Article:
Hardingstone Conservation Area

Date of Designation:

24 March 1977


26 November 2008

Area (hectares):


Latest Appraisal:

November 2008

Hardingstone Village Conservation Area

While archaeologists have found evidence of Iron Age and Roman settlement in the area, the earliest mention of Hardingstone, as with so many of the villages around Northampton, is in the Domesday Book. The village appears to have developed along an west-east drove road following the crest of the valley slope above the River Nene, and the ancient parish included mills along the river which must have been significant sources of revenue.

Hardingstone became almost entirely church land in the 12th century, supporting the leper hospital of St Leonard (in Far Cotton) as well as the Cluniac Abbey at Delapre. The parish church of St Edmund dates from 1223, but no other building in the village survives from before the 17th century, when stone began to be used more often for domestic dwellings. Most of the buildings forming the old core of the village are predominantly of the local brown iron-rich Jurassic sandstone. Evidence from the medieval field patterns seems to suggest Hardingstone was a poly-focal village with two separate parts one centred around the war memorial and Back Lane, the other around the church and junction with Coldstream Lane. There has been much infilling between the historic buildings, mostly of rather ordinary quality, diluting the historic character of the old part of the village.

The majority of the early houses are built right up to the pavement, though higher status houses, such as Hardingstone House and Mulberry House are set back from the road in their own grounds. 20th century infill tends to be set back from the road with stone or brick walls, although the most recent additions (as at 34-38 High Street) follow the earlier precedent of building up to the highway line. Boundary walls thus play an important part in uniting the disparate elements of the conservation area. Walling materials generally mirror the range of brick and stone used in the buildings, and they display a wide range of traditional capping techniques.

Between the Church and the war memorial, the street is flanked on the one side by two-storey stone-fronted cottages, and on the other by large trees in the gardens of the Back Lane houses, overhanging the road. The row of 19th century cottages placed at right angles to the road on the northern side marks a . The views open up as The Green is approached from the west. Several of the buildings at this point are of high quality, but the pleasing effect is reduced by gaps and unsympathetic infilling.

The area surrounding the memorial at the junction of Back Lane, High Street and The Green provides the main focal point of the village. The Green enjoys a good sense of enclosure, and the buildings bounding the east side form one of the finest groups in the village. These are not all of the same period but the majority date from the early to mid 19th century. Although some alterations have been made, they retain much of their original architectural character.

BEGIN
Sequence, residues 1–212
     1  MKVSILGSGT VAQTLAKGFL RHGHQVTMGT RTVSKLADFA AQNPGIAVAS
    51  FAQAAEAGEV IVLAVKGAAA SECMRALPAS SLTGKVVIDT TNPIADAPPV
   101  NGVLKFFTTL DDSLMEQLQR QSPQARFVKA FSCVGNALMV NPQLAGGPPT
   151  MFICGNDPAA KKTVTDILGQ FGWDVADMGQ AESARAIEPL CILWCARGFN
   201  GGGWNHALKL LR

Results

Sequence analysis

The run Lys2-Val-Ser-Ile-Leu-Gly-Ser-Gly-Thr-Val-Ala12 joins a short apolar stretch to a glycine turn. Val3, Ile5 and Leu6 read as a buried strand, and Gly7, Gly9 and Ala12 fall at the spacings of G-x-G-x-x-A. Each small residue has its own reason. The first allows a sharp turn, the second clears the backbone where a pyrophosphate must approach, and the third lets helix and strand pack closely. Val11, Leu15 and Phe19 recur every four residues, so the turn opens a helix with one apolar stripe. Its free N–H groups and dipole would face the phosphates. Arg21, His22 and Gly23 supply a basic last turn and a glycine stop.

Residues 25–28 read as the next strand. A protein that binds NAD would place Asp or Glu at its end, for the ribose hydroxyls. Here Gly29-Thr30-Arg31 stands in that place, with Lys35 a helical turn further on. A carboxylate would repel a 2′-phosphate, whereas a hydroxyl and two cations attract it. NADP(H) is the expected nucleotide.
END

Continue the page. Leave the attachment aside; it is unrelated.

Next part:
Many Northamptonshire villages have "Back Lanes". That in Hardingstone seems to have been of very early origin, and describes a long loop to the north of the High Street, dividing into two sections, each of distinctive character.

Running north-east from the war memorial, Back Lane retains regular and imposing stone fa├žades, while high walls add a sense of enclosure to the street views. At the junction with Houghton Hill, the road swings to the west and narrows considerably, with the street views dominated by large trees.

Here the older buildings consist of large distinctive late C18 / early C19 houses, sited in extensive and well-treed gardens; while part of the northern side of the road is occupied by modern bungalows. The steep gradient falling to the north ensures that fine views are gained across Delapre Golf Course and Nene Valley Way towards the town centre.

Buildings listed as being of special architectural or historic interest

Back Lane 1 Early C19 stone, slate roof
2 C18 yellow stone, tiled roof
3 C17/18 stone, thatched roof
10-12 Early C19 stone, slate roof
14 & 16 Early C19 stone, slate roof
18 Early C19 stone, slate roof
22 C17 stone, slate roof
24 Late C18 red brick, slate roof
25 C18 stone, tiled roof
26 & 28 Early C19 neoclassical stucco
37 C16 stone, thatched roof
39 Early c19 stone, slate roof
66 Late C17 stone, thatched roof
Coldstream Lane 1 & 3 Early C19 brick, slate roof
The Green 1 Late C17 stone, pantiled roof
2 c. 1830 stone, slate roof
3 Early C19 red brick, slate roof
4 Early C19 slate roof
5, 7 & 9 Mid C19 red brick, slate roof
17 C18 stone, slate roof
20 & 22 Late C18 stone, slate roof
24 Early C19 stone, slate roof
26 & 28 C16/17 stone, pantiled roof
32 Early C18 red brick, slate roof
24 Early C18 stone, tiled roof
St Edmund's Church, 1223-C16, restored 1869
Church House Early C19 stucco, slate roof
55 C18 stone, slate roof
74 c. 1830 stone, slate roof
76 & 78 Late C18 stone, tiled roof
80 C17 stone, thatched roof

Documents Available for Download:

Hardingstone Conservation Area Appraisal


Hardingstone Conservation Area Leaflet


Contact Details

Tel: 0300 330 7000
Email using the link below

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